Claimant appeared in person.
James D. Terry, Attorney at Law, for respondent.


Claimant seeks $279.85 for property damage he incurred as the result of an accident which occurred at approximately 3:00 p.m. on June 27, 1989 on Corridor G, a four-lane highway, in Kanawha County. Claimant was traveling in his vehicle, a 1986 Bronco, when his vehicle encountered "... concrete sticking out of the road..."

He testified that the concrete consisted of pieces 10-12 inches in diameter. The concrete was broken across the whole lane of traffic. specifically, he stated that the concrete was broken into slabs, and "Well, you couldn't see it until you was right up on it or I couldn't." He was operating his vehicle at the speed limit of 55 miles per hour and he was in a straight stretch of highway. He could not swerve into the other lane because there was another vehicle in that lane proceeding in the same direction. This other vehicle proceeded without incident. Claimant replaced the right rear tire of his vehicle but has not had the wheel or beauty ring replaced. These were also damaged in the accident.

Between 5:00 and 6:00 p.m. that day claimant contacted Chuck Runnion, a highway supervisor for respondent in Boone County, and was informed that Mr. Runnion had been notified of the hazard. A witness for respondent, Hiram Hall, confirmed claimant's statements concerning notification. Hiram Hall, expressway supervisor for respondent, was aware of the road hazard on June 27, 1989. At approximately 4:30 p.m. he received a telephone call. He had already left work for the day, but he received the message at home. He went to the site and stated, upon observation, "The road blowed up. It was both lanes. The expansion joint had bowed up." Mr. Hall explained that heat causes this condition. It is impossible to predict in advance the occurrence of a "blow up". He and three other men cleared the debris from the highway and treated the area with cold mix which remedied the problem.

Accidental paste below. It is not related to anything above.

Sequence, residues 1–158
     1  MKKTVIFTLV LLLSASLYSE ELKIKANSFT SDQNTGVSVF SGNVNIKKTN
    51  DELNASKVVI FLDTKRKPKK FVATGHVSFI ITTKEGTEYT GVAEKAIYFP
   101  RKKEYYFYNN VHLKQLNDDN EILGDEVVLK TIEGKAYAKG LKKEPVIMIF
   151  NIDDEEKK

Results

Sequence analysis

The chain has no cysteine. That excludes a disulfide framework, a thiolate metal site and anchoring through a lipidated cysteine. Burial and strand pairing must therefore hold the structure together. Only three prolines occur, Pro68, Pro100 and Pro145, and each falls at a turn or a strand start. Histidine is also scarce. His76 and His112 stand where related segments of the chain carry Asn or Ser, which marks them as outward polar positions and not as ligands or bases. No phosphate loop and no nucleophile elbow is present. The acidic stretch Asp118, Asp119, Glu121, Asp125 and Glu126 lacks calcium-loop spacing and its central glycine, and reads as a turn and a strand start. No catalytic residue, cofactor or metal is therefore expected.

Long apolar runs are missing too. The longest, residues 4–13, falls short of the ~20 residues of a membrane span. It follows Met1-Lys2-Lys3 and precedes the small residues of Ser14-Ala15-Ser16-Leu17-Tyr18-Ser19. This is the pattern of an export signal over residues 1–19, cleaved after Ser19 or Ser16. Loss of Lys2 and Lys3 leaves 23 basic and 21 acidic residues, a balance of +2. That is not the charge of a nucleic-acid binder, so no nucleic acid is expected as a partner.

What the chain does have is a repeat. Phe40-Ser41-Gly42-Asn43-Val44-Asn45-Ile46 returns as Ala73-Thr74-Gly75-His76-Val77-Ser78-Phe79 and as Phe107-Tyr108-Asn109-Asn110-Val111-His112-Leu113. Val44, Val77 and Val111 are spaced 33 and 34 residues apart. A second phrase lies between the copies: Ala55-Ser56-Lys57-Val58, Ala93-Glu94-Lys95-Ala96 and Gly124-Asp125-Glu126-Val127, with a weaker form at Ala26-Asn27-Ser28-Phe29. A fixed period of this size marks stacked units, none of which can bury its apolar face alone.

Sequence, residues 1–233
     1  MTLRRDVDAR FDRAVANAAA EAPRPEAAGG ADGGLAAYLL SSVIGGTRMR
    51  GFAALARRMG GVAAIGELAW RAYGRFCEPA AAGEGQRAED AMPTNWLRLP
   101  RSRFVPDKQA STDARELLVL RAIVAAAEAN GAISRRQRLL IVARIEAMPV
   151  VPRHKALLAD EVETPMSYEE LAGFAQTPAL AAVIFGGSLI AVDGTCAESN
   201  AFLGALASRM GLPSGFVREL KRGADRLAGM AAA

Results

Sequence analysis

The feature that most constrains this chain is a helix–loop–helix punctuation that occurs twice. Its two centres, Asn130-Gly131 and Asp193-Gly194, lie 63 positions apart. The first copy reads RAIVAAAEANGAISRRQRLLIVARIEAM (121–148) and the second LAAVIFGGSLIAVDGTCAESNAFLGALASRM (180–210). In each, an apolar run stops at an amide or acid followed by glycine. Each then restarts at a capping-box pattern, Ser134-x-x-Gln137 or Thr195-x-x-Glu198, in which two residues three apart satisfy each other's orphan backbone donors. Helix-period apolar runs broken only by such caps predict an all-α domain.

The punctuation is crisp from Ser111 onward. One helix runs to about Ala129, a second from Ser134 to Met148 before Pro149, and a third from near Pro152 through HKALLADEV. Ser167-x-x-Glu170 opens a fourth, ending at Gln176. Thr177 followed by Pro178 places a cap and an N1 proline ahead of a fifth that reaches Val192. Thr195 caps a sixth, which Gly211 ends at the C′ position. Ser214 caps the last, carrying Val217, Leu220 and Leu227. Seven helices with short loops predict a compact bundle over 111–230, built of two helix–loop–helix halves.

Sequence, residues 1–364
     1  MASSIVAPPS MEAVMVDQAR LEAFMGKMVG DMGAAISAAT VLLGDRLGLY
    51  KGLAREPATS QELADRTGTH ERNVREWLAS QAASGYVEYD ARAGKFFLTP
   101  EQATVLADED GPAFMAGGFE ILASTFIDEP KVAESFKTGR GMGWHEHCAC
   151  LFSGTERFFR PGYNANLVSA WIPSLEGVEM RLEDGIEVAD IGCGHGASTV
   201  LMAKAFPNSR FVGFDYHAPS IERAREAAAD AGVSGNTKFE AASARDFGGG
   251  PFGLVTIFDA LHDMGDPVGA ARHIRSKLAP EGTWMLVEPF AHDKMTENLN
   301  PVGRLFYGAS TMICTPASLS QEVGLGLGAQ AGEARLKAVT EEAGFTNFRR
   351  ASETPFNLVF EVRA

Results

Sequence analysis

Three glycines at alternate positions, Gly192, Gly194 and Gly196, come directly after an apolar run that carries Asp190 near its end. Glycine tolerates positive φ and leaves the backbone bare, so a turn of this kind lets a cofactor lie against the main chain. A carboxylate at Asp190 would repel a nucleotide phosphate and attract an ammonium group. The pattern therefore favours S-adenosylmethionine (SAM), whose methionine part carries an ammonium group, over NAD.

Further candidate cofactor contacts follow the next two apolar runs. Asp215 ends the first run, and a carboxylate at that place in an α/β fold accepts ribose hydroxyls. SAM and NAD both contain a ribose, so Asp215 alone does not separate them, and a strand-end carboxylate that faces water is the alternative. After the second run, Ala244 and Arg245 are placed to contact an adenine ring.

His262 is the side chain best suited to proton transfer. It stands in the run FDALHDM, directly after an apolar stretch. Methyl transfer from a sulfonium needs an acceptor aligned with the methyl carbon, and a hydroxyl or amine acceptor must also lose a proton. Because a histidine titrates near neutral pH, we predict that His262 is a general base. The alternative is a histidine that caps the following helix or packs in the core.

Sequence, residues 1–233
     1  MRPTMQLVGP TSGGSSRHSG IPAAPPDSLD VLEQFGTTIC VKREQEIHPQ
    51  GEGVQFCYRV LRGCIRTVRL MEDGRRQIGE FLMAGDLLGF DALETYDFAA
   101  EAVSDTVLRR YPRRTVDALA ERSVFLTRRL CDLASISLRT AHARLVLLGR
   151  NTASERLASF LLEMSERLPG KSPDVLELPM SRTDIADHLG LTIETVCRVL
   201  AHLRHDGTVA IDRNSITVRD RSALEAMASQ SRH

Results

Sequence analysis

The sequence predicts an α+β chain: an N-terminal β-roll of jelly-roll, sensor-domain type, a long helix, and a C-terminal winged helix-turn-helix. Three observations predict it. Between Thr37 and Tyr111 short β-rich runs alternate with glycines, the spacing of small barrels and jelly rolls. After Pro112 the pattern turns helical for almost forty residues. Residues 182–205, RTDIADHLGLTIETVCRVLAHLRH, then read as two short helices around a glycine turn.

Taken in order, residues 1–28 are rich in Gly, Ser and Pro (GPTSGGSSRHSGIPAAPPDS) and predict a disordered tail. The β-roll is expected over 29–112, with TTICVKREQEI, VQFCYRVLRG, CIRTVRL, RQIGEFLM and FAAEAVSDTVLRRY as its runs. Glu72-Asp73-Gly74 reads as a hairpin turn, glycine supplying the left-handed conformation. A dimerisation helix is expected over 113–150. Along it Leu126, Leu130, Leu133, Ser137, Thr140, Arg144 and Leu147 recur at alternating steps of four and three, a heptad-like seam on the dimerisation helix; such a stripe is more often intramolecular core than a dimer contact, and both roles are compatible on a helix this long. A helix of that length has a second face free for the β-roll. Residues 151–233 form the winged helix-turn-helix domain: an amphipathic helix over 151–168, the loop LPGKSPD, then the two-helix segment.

The State is neither an insurer not a guarantor of the safety of motorists on its highways. Adkins vs. Sims, 130 W.Va. 645, 46 S.E.2d 81 (1947). In order for the respondent to be held liable for damages caused by road defects of this type, the claimant must prove that respondent had actual or constructive notice of the defect and a reasonable amount of time to take suitable corrective action. Davis vs. Department of Highways, 11 Ct.Cl. 150 (1976). The evidence in this record indicated that the defect could not be predicted, and that respondent acted quickly after being informed of the hazard. Sutton vs. Department of Highways, CC-85-153 (February 19, 1986). Barnhart vs. Department of Highways, 12 Ct.Cl. 236 (1979). The Court is of the opinion that negligence on the part of the respondent has not been established, and therefore, the Court denies the claim.

Claim is disallowed.